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Hudson’s Bay Co. president Liz Rodbell has a strategy with Kleinfeld Bridal boutique. (Kevin Van Paassen For The Globe and Mail)
Hudson’s Bay Co. president Liz Rodbell has a strategy with Kleinfeld Bridal boutique. (Kevin Van Paassen For The Globe and Mail)

Hudson’s Bay updates its battle for the bride Add to ...

The new president of Hudson’s Bay Co. thinks its luxury Kleinfeld Bridal boutique, of Say Yes to the Dress reality television fame, will help win new customers – one $32,000 gown at a time.

Perhaps even more important, Liz Rodbell thinks the bright and spacious new boutique, strategically placed next to the refurbished and upgraded home-decor department on the seventh floor of the Hudson’s Bay flagship store, will help boost sales for the retailer’s crucial gift registry.

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Ms. Rodbell says that getting more brides into Kleinfeld is key to her goal of almost doubling gift registry sales in the next five years. Registries are important because they don’t just draw in the wedding couple as current and future customers, but also their guests.

“It is all integrated because of the gift registry opportunity,” Ms. Rodbell, clad in a $1,560 Roksanda Ilincic wool crepe dress, said as she swept through the Kleinfeld and home goods aisles. “We’re building Hudson’s Bay to be a home destination.”

Retailers ranging from Hudson’s Bay to Sears Canada Inc. and Bed Bath & Beyond Inc. are racing to woo the bride, counting on her wedding party and guests to shore up their gift registries and broaden their customer base. Hudson’s Bay’s new Kleinfeld boutique raises the stakes for all players, putting pressure on them to dress up their own offerings.

Hudson’s Bay continues to be Canada’s top destination for wedding registries, and its share of the English-speaking market has increased from a year ago, according to a survey by publication Weddingbells.

Sears and specialty gift shops shed business over that period, with the big winner being U.S. retailer Bed Bath & Beyond, whose share of stores registered jumped to 34 per cent this year from just 5 per cent in 2012, the survey found. Hudson’s Bay’s share slipped to 76 per cent from 80 per cent two years ago, but gained from 71 per cent in 2013.

Some retailers, such as U.S. chain Crate and Barrel, have a registry but it isn’t online, which makes the process more cumbersome, industry observers said. Spokeswoman Cathy Miller said wedding guests can view Canadian gift registries online and place an order on its toll-free telephone number. “There are some registry enhancements in the works,” she said, without elaborating. Williams-Sonoma Inc. of San Francisco, which also owns Pottery Barn, runs a gift registry in stores only in Canada but it is “looking to evolve the experience to online purchasing,” spokeswoman Leigh Oshirak said.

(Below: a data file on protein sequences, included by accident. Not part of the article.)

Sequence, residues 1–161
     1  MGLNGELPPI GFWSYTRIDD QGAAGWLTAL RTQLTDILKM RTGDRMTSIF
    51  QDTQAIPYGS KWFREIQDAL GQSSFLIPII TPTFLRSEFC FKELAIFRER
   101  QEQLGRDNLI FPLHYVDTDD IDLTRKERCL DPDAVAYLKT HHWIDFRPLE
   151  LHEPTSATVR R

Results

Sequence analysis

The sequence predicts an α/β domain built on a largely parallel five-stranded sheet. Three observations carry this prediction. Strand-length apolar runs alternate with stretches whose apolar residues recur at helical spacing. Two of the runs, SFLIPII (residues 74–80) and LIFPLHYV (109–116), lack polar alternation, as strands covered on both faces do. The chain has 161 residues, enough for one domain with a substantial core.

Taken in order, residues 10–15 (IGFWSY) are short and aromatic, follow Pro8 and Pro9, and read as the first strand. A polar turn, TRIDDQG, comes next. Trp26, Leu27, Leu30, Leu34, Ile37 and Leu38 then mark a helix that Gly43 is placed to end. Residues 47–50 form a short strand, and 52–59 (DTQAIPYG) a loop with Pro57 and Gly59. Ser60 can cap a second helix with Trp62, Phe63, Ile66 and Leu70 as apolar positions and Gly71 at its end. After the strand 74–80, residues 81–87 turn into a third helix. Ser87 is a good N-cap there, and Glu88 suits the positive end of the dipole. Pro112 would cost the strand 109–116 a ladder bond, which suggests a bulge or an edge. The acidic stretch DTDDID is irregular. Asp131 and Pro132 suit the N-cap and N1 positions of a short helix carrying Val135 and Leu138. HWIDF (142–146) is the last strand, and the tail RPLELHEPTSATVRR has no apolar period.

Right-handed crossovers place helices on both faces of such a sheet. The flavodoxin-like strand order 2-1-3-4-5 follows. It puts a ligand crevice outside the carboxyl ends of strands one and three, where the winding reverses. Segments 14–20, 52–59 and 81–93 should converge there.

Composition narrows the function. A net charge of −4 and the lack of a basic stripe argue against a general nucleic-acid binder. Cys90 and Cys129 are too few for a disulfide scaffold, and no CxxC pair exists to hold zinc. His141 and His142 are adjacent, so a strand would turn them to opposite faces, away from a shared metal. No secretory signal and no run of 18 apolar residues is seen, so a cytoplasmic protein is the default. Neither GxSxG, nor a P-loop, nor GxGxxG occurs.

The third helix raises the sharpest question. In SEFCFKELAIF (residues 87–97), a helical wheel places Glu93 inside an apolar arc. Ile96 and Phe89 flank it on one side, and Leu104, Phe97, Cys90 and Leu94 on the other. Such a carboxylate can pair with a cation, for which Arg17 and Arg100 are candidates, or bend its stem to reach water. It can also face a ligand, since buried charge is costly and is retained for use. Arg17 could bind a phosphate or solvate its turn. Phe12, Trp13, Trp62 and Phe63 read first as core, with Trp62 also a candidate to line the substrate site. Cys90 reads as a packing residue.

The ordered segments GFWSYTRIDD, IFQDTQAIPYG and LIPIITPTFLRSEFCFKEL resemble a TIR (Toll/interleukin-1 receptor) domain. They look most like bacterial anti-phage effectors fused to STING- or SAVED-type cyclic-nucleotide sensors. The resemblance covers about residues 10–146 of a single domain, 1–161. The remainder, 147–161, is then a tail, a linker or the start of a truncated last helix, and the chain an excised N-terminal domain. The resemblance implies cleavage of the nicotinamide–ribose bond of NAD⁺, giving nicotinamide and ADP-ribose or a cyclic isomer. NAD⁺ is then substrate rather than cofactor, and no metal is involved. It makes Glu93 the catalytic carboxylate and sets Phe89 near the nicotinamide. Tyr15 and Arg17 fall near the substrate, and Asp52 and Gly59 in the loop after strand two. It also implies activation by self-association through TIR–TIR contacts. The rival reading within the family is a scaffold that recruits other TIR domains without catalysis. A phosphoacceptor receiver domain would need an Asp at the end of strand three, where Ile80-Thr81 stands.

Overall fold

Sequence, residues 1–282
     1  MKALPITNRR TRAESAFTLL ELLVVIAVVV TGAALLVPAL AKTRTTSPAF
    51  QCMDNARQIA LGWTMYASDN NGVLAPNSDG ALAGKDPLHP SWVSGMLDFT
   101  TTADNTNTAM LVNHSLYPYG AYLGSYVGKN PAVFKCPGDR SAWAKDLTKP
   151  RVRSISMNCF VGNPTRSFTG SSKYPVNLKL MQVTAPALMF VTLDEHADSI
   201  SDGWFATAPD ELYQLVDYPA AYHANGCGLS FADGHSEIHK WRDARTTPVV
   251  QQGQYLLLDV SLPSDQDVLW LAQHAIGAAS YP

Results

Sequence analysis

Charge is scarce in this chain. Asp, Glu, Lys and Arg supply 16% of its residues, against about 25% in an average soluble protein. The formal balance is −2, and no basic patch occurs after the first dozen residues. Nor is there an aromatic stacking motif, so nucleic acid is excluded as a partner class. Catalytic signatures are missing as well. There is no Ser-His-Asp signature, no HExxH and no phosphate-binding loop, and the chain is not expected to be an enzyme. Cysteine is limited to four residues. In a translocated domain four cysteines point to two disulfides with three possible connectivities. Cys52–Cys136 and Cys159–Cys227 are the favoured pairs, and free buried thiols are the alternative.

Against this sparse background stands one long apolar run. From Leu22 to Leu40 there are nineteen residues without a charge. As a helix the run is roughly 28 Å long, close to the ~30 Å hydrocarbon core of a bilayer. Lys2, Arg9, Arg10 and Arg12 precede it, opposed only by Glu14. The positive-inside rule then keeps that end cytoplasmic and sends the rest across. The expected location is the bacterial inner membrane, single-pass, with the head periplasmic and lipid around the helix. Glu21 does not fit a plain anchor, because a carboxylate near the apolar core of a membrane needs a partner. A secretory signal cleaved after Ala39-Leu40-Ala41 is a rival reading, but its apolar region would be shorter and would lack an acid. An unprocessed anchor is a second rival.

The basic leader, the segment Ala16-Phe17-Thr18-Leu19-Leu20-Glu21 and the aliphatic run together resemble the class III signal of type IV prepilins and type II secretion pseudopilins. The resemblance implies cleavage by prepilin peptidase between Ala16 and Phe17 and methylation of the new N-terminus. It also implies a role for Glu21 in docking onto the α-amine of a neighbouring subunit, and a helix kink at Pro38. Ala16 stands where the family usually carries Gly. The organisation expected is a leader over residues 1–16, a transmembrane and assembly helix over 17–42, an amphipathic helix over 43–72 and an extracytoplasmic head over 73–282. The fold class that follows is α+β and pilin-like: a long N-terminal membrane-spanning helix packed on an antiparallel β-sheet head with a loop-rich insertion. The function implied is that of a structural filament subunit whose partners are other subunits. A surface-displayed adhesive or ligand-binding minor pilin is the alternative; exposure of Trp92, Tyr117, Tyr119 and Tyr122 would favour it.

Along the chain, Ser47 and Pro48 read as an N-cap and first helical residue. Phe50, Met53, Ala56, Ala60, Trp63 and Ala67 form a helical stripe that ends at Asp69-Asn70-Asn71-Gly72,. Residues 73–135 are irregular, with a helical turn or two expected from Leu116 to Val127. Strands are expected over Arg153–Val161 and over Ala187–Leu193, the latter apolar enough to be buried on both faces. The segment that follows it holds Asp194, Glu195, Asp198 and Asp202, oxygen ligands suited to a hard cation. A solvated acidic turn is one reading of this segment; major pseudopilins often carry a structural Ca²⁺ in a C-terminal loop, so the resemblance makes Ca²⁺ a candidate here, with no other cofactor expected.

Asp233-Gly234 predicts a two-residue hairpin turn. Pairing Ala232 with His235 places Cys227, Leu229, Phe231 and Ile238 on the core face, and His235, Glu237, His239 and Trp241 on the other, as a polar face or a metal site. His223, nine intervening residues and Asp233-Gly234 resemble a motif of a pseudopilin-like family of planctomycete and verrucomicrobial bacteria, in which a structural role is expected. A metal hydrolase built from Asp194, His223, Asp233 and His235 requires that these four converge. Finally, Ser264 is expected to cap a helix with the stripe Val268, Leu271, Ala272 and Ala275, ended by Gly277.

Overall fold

Others, such as Wal-Mart Canada Corp., don’t have their own registries, but find that customers request their goods at online cross-retail registry sites “where they can register for essentially anything,” spokeswoman Rosalyn Carneiro said.

David’s Bridal, a U.S. affordable designer bridal chain with 10 stores in Canada, is looking to team up with another retailer in the next 12 to 18 months that can offer a gift registry, Brian Beitler, chief marketing officer at David’s, said. In the U.S., it partners with Macy’s and Amazon.com, among others, for wedding registries.

“There are multiple reasons for businesses to be interested in registries,” Mr. Beitler said. “We’re interested because we want to help the bride along that journey. … By partnering with David’s Bridal, what that does is give those retailers who are building gift registries early and immediate access to that bride.”

Ms. Rodbell said she expects Kleinfeld will help give a dramatic lift to Hudson’s Bay gift registry business, which now counts about 50,000 registrants annually in a market of roughly 165,000 weddings a year.

Hudson’s Bay is investing heavily to make the online registry easier to use, with improved scanners in the store to check items, she said. It has also added other services, such as a wedding cake and florist consulting booth, and an in-store Birks jewellery shop with items ranging to $50,000 for a two-carat solitaire platinum engagement ring.

In the plush Kleinfeld boutique, dresses run to $32,000 for a Pinina Tornai ivory silk gown with sculpted roses, weighing in at 35 pounds. The styles also include a small collection of red gowns for the Asian customer. The lowest price for a gown is about $1,400 in Canada and $1,500 (U.S.) at the New York store. Shoes range to $1,135 (Canadian) for a pair of Aruna Seth open-toe pumps, similar to the ones Kate Middleton wore at her wedding, Ms. Rodbell said. Now she’s thinking of selling other Kleinfeld accessories, such as hair pieces and jewellery, online.

The strategy also plays into Hudson’s Bay’s wider goal of stocking more exclusive products to bring more shoppers to its stores. About 35 per cent of its offerings are now exclusive, and it plans to raise that to 40 per cent in the next five years, she said.

Follow on Twitter: @MarinaStrauss

 
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